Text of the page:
Selecting a CM/ALM Tool That Will Add Value to All Users

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In his CM: the Next Generation series, Joe Farah gives us a glimpse into the trends that CM experts will need to tackle and master based upon industry trends and future technology challenges.

7. Server-only installation (only trivial client upgrades required): Visible client installation (other than establishing a short cut or other reference to the 4G tool) must be absent. Client side upgrades must follow directly from the central server(s) upgrade, without any client-side intervention.

8. Trivial bulk loading and multiple revision/baseline bulk-loading: It must be possible to load in software trees by a simple drag-and-drop, copy/paste or other such trivial mechanism, although additional supporting details may be queried as part of the operation. It should be possible to bulk load multiple baselines of a source tree such that the history between the baselines, and between the individual items within the baseline, are maintained.

9. Fully automated configuration management: Configuration management tasks should be reduced to high level requests. Tedious tasks such as labeling, creating baseline definitions, establishing context views, creating promotion views, etc. must be fully automated, subject only to the parameters required by the high level requests. Users, including the CM managers, should focus only on Change management.

10. Bulk build/ANT/Make file Generation: Automatic generation of Makefiles, build scripts, ANT files should replace the need to have to create and maintain such files. Generation of the files should proceed based on having sufficient information within the repository, and especially in the data structure and relationships.

11. Advanced workspace management: Workspaces are clearly linked to change packages. Multiple changes are supported in a workspace. The 4G tool reports through visual or other effects on the attributes of the workspace so that, as well as check-in/out status, other attributes, such as ro/rw, missing, differences in the files and other such information is actively portrayed in the source tree view of the CM tool.

12. Source code and source revision searching: Source code search capabilities are extended in the 4G tools so that operations common in IDEs, such as source code searching, can be extended to the CM repository. This allows, for example, searching across revisions of a source file, or searching through a specific baseline or other context view.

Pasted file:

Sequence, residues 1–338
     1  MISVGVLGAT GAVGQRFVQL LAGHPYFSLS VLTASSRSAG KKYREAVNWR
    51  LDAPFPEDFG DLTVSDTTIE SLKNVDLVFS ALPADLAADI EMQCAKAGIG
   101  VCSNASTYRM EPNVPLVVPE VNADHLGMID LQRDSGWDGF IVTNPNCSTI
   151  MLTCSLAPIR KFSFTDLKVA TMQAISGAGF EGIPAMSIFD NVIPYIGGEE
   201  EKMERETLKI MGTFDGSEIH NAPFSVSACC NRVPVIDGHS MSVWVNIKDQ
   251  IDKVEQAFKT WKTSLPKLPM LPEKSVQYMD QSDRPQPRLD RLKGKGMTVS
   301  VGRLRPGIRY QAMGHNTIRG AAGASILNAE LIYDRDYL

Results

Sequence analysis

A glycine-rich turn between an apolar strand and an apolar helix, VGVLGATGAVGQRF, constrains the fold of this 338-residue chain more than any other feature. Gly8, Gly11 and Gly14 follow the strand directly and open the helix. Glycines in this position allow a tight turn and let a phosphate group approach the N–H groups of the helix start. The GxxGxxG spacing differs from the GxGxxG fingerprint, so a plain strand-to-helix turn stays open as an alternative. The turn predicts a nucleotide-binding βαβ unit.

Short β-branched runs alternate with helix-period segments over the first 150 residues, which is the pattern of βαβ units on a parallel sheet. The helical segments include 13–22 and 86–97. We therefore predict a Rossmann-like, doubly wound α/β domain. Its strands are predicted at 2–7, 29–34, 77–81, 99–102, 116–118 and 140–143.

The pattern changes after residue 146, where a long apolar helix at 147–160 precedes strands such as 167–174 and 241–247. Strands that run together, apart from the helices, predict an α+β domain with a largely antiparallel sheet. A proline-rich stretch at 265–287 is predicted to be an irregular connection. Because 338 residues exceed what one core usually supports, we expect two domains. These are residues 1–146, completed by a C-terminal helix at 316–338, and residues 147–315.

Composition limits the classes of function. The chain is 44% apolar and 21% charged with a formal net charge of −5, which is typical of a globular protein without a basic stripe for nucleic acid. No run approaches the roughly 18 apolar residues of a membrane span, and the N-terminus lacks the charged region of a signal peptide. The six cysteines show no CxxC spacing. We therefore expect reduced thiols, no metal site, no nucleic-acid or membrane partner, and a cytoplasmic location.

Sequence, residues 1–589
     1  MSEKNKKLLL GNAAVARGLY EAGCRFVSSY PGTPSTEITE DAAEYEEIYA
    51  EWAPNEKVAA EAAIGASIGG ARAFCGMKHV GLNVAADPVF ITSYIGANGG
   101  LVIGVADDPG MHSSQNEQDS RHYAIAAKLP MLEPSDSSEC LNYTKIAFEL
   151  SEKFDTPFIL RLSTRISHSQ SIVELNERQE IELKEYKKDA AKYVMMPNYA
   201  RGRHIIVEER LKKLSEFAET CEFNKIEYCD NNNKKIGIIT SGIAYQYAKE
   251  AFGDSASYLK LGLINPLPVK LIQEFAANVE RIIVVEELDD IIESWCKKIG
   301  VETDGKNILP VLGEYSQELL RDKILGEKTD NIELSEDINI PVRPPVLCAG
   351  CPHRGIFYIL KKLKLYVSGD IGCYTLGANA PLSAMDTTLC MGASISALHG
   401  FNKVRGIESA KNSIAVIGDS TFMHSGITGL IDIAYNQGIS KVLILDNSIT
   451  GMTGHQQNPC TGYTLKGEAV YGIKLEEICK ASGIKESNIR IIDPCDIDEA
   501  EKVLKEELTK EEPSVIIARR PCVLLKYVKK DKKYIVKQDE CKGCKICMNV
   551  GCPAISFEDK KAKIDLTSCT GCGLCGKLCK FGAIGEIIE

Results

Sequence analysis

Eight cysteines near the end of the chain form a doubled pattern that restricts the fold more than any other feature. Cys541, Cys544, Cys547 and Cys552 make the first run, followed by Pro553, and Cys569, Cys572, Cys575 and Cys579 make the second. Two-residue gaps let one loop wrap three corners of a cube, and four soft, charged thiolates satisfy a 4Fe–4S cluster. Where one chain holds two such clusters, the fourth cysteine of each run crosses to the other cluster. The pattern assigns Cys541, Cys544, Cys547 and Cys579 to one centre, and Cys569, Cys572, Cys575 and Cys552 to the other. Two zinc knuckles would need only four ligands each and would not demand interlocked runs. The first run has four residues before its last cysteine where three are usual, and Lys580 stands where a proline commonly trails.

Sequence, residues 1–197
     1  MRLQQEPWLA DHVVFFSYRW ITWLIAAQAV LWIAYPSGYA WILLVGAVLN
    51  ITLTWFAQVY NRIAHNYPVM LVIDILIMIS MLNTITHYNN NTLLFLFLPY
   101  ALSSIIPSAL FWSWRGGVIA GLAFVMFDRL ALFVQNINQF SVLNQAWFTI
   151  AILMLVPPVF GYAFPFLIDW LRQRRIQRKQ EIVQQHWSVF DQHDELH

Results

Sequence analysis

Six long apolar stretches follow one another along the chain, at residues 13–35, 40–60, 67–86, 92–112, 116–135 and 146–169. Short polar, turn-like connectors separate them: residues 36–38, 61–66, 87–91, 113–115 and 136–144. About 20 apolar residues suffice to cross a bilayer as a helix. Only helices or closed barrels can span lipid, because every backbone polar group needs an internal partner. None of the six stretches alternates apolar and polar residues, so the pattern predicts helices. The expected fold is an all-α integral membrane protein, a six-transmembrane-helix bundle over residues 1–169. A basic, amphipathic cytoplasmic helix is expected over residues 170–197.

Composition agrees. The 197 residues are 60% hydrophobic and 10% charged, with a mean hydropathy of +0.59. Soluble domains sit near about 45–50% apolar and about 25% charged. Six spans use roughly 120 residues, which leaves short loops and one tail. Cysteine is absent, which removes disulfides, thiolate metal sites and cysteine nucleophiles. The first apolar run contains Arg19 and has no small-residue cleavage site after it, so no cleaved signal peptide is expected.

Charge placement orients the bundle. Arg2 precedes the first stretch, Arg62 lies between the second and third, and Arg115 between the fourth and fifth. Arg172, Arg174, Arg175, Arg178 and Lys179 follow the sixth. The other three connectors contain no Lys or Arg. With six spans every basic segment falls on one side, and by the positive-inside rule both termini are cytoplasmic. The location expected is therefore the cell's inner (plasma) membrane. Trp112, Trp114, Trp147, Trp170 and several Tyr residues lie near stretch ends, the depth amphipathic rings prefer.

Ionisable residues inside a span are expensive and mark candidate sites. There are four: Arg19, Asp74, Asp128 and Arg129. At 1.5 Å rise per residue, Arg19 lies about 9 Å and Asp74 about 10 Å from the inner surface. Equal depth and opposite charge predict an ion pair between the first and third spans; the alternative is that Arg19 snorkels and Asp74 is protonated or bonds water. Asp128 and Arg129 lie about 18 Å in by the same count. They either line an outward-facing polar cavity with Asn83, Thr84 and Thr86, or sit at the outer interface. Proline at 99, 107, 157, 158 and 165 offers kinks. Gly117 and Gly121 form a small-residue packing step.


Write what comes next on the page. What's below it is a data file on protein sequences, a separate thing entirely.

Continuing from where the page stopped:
13. File revisioning augmented with full data revisioning: Along with the normal source code revisions, the 4G CM tool allows revision of finer levels of data including descriptions, data elements and even process workflow.

14. Context-based dependency analysis and layering support: The 4G CM tool allows interactive query of relationships between groups of files to support impact analysis and layering support. For example, it should be possible to identify, using a simple query, whether or not layering is violated because of out-of-layer include operations.

15. Promotable directory structure changes: In the same way that file changes may be promoted or rolled back through the status associated with the change, it must be possible to promote or roll back changes to the directory structure. By adjusting a context view, any changes placed into or pulled out of the view must have such structural differences immediately reflected in the view.

16. Dynamic variant capabilities: Variant changes are supported such that the change can be dynamically applied to any context view. Hence, if a product variant is formed by changing a set of files, that variant may be applied automatically, and dynamically, to any build definition, and user view or any baseline to produce the variant effect for that view. This helps to reduce multiple variant baselines down to a single baseline with variant options which may be specified at build time.

17. Product/sub-product management: The 4G CM/ALM tool will manage multiple products, including products which are contained within other products. Such a product hierarchy helps to automate the order of building products (i.e., product dependencies), but also helps in navigating the set of product assets of a company so that a specific product release context may be easily selected.

About the author

Joe Farah's picture Joe Farah

Joe Farah is the President and CEO of Neuma Technology and is a regular contributor to the CM Journal. Prior to co-founding Neuma in 1990 and directing the development of CM+, Joe was Director of Software Architecture and Technology at Mitel, and in the 1970s a Development Manager at Nortel (Bell-Northern Research) where he developed the Program Library System (PLS) still heavily in use by Nortel's largest projects. A software developer since the late 1960s, Joe holds a B.A.Sc. degree in Engineering Science from the University of Toronto. You can contact Joe at farah@neuma.com

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